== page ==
Jeep says that when Willys introduced the Forward-Control series in 1957, it was a bold departure from previous designs. The FC’s cabover design gave the trucks a unique appearance that enthusiasts still crave to this day while at the same time making for a more maneuverable truck. I sat in David’s old FCs and the cab made me feel like I was commanding a transit bus. Despite the dramatic looks, Jeep says the FC rode on the familiar CJ-5 chassis. Willys marketed the FC as the truck that fit more cargo on a smaller wheelbase while being able to conquer whatever got in your way. This truck has an 18-foot turn radius! Jeep says the FC-150 and the FC-170 were popular trucks with workers and farmers, especially overseas.
The FC-150 came in 81-inch wheelbase flavor and was powered by a four-cylinder F-head engine while the FC-170, like the one seen here, rides on a 103.5 inch wheelbase and comes powered by a six-cylinder L-head engine. That engine is a 226 cubic inch Super Hurricane straigh- six making 105 HP and 190 lb-ft torque. That goes through a three-speed manual and you get a Dana 53 rear, Dana 44 front, and 4.88 gears. It’s $22,595 from the seller in Cody, Wyoming with 40,000 miles.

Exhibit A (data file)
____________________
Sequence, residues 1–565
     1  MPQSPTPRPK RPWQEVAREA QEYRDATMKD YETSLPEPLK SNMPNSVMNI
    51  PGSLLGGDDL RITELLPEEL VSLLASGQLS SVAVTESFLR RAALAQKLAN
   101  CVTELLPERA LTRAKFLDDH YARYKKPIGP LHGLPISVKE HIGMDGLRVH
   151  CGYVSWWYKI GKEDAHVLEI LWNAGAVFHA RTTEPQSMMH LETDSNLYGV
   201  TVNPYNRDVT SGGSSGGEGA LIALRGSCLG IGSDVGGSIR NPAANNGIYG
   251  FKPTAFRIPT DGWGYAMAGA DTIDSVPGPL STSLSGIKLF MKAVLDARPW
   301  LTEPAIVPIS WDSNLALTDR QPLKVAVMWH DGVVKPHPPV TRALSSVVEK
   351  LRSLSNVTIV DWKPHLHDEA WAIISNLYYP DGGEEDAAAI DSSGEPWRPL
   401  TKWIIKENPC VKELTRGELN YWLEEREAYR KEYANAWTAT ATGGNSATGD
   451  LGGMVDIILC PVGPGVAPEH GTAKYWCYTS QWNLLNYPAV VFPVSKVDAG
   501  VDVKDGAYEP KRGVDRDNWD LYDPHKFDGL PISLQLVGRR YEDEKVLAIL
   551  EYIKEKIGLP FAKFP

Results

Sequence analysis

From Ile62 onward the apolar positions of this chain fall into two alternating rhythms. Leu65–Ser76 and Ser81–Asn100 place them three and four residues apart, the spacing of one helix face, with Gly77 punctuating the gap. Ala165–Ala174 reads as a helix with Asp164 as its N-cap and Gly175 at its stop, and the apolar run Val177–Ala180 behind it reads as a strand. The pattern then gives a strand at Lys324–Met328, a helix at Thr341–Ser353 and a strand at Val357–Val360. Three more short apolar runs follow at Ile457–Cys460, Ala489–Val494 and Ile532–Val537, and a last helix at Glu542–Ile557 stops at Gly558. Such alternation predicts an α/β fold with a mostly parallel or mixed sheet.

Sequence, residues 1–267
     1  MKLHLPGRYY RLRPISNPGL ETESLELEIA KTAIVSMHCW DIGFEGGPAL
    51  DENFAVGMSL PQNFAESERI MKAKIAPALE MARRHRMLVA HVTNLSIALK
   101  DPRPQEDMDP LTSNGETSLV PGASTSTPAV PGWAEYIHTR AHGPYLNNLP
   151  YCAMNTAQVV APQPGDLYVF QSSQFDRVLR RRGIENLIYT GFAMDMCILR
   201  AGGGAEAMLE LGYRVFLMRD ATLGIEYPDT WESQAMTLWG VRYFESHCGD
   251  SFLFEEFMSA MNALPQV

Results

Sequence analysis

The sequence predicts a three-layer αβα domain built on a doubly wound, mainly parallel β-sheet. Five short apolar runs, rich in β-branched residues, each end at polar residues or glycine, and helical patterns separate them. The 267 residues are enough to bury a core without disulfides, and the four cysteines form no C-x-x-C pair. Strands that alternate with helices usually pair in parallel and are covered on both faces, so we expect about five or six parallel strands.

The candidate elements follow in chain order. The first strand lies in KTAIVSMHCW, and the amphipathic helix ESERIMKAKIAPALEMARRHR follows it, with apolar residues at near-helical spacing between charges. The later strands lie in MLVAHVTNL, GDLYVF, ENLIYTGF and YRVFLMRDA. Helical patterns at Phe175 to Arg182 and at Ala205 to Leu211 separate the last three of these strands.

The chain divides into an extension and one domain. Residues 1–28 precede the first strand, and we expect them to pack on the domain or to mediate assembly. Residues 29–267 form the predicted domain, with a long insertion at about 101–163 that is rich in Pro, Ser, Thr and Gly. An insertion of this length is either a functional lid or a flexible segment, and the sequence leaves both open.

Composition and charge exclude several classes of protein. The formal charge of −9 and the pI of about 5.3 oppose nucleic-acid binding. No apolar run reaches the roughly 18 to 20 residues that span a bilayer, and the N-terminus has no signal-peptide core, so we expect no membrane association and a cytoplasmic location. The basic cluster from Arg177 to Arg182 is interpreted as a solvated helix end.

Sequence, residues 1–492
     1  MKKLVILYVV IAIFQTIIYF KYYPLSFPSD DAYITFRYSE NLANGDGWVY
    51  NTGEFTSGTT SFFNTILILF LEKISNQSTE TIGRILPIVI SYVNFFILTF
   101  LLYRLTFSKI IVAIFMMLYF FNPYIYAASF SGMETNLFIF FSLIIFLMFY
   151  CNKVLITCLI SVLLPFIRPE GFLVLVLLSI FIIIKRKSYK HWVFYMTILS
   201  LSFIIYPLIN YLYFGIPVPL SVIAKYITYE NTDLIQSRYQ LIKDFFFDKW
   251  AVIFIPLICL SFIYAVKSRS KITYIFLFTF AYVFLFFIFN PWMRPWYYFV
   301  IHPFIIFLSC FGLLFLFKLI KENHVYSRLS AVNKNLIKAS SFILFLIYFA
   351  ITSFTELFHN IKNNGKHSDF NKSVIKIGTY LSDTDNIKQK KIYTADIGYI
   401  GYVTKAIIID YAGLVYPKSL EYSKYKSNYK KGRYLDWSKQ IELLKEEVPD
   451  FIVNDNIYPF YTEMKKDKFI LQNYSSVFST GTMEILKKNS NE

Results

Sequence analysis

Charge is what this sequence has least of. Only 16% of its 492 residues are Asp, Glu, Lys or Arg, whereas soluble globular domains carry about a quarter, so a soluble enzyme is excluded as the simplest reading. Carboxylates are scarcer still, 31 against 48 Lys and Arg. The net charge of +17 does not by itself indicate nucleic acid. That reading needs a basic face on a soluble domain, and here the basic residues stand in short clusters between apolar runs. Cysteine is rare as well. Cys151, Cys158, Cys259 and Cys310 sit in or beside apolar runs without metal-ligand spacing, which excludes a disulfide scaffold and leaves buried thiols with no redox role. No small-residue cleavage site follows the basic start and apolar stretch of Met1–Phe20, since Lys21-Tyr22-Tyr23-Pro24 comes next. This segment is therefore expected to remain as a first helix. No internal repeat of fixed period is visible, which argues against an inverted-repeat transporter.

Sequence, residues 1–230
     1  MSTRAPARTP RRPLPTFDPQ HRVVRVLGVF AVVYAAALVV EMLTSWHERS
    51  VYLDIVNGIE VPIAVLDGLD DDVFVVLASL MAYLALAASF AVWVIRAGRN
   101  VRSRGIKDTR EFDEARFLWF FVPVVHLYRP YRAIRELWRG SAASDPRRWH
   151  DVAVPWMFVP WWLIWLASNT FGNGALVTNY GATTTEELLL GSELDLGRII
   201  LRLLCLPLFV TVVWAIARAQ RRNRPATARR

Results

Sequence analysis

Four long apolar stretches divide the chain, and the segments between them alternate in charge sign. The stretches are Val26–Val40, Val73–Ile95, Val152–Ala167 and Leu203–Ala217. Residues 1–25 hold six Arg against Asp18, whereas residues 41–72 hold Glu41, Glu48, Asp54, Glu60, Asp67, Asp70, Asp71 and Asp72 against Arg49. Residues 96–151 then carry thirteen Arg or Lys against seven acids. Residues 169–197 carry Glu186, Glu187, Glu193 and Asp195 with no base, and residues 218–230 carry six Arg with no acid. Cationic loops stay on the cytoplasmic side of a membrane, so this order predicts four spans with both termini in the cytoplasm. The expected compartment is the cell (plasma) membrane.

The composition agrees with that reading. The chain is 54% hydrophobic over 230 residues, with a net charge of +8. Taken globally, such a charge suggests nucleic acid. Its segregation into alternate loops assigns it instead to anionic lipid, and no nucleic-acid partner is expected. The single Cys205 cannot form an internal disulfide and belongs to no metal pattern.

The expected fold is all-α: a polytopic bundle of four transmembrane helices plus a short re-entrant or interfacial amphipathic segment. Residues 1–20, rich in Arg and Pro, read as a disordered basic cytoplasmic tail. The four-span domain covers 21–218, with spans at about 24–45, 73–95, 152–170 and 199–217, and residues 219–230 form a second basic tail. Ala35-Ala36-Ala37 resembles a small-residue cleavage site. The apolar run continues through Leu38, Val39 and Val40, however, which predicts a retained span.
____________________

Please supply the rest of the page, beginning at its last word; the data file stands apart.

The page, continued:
1958 BSA A7 Shooting Star – $7,667
BSA, once the largest producer of motorcycles in the world, has recently been brought back from the dead by Mahindra. As old names are brought back from the dead and put on the market to fight against the likes of Royal Enfield, you can pick up minty examples of motorcycles from the time when BSA dominated the world in sales.
Here’s the relaunched BSA’s retelling of its own history:
Standing for Birmingham Small Arms Company Ltd, BSA was founded in 1861, for the production of firearms. They chose 25 acres of ground at Small Heath and by 1863 the factory was complete. The brand’s motorcycle division was set up in 1903, and the first motorcycle followed in 1910.
[In 1914,] BSA produced 1.5 million rifles, 145 Lewis machine guns, along with motorcycles, the world’s first folding bicycle, machine tools, jigs, gauges, aero components, gun locks, shells and fuses to support ‘The Great War’. In addition, there were the staff cars, ambulances and commercial vehicles produced by Daimler, which had been bought by BSA in 1910.